What do you mean by 'objectification'?

What do you mean by 'objectification'?


Sexual objectification occurs when a person (most often a woman) is treated as a body or series of body parts for others’ use and consumption, when her physical attributes and sexual capabilities are regarded as representative of her whole self or seen as determining her worth.

Objectifying representations of women include depictions of women without heads or faces, reduced to a single body part, portrayed as interchangeable, as a stand-in for an object or defined by their sexual availability.

When women are treated as sexual objects and their value is based on their physical attractiveness and sexuality to the exclusion of other characteristics, skills and attributes, this is harmful. It leads to sexual harassment, abuse, discrimination and men’s violence against women. It reinforces women’s status as second-class citizens, as existing for men’s sexual use and enjoyment, rather than fully human.

The harms of sexually objectifying portrayals of women are well established. A review of twenty years of research, from 109 publications containing 135 studies found:
“consistent evidence that…everyday exposure to this content is directly associated with a range of consequences, including higher levels of body dissatisfaction, greater self-objectification, greater support of sexist beliefs and of adversarial sexual beliefs, and greater tolerance of sexual violence toward women…exposure to this content leads both women and men to have a diminished view of women’s competence, morality, and humanity.” We have long argued the objectification of women should be regarded as a discriminatory practice, a form of sexual harassment threatening the health, well-being and status of women and girls.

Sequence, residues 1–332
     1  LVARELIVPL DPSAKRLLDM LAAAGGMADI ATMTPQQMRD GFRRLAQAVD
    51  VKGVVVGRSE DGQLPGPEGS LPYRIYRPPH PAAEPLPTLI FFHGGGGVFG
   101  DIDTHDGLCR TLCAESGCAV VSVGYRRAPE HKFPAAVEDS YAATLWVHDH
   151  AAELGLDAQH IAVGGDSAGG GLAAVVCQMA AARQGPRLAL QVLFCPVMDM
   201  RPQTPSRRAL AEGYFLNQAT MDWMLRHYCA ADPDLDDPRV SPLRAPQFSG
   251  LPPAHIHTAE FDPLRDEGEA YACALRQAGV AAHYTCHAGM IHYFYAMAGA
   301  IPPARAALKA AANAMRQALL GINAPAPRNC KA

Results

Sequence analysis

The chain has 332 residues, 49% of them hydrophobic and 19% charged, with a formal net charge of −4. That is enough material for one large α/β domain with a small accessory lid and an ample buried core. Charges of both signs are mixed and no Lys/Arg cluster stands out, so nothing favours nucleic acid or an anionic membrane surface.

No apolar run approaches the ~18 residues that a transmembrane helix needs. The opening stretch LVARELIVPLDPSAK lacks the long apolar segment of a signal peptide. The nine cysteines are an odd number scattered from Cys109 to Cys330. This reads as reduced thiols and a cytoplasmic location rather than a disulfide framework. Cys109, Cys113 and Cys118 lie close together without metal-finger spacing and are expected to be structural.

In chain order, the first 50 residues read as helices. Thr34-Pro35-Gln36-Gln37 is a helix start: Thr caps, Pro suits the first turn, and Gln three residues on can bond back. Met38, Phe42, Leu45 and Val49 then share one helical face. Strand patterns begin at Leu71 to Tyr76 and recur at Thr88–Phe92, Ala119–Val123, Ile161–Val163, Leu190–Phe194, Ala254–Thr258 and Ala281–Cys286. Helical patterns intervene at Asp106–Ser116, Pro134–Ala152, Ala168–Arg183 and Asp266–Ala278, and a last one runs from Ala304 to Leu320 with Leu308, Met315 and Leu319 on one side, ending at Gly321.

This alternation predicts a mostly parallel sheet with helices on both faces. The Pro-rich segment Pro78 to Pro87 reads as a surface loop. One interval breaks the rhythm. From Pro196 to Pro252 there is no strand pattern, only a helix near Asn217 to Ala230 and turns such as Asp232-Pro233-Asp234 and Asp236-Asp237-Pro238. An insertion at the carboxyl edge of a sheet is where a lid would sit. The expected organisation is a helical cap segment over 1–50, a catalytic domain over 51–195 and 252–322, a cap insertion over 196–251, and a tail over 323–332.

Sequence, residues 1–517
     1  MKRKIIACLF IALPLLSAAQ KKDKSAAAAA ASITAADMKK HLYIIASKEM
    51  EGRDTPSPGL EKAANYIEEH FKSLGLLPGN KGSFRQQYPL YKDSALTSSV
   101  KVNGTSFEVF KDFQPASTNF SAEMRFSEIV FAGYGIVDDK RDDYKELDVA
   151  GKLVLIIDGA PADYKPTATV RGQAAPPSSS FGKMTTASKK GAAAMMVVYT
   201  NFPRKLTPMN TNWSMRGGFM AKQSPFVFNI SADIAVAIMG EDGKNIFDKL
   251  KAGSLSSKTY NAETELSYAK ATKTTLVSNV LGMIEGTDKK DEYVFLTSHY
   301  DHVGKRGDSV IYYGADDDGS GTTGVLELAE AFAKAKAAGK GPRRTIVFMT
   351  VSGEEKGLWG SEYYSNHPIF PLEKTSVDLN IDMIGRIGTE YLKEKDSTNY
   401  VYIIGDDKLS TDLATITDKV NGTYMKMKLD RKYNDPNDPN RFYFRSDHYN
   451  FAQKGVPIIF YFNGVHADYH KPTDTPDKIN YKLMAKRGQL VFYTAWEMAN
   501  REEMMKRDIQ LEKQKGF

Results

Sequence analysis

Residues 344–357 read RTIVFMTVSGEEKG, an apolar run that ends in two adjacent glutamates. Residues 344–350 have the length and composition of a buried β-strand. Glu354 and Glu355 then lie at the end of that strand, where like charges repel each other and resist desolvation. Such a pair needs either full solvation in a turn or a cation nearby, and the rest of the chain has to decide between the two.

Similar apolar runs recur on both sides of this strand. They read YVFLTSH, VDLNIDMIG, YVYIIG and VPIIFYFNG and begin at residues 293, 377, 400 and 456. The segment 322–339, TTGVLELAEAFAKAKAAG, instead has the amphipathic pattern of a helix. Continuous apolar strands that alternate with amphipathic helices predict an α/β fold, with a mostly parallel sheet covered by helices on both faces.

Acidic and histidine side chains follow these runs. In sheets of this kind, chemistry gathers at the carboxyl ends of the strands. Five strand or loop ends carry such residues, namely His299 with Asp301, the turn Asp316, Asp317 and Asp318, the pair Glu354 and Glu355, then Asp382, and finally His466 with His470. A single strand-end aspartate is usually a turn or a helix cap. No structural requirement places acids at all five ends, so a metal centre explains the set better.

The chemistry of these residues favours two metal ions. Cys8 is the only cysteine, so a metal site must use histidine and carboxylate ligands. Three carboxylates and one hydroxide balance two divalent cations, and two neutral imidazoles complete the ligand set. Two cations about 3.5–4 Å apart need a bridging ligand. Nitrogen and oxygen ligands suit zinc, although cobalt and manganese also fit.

See also:

The Sexy Lie - Dr Caroline Heldman TED talk https://www.collectiveshout.org/watch_sexual_objectification_explained

The CHIPS test https://www.collectiveshout.org/what_would_advertising_look_like_without_objectification

Keeping Women in their Place: Objectification in Advertising - Jennifer Moss https://www.collectiveshout.org/as_subtle_as_the_pose

‘Women’s bodies are not sex aids: The backlash against corporate exploitation of women’, Lydia Turner, MTR, November 1, 2010 https://melindatankardreist.com/2010/11/womens-bodies-are-not-sex-aids/

Add your comment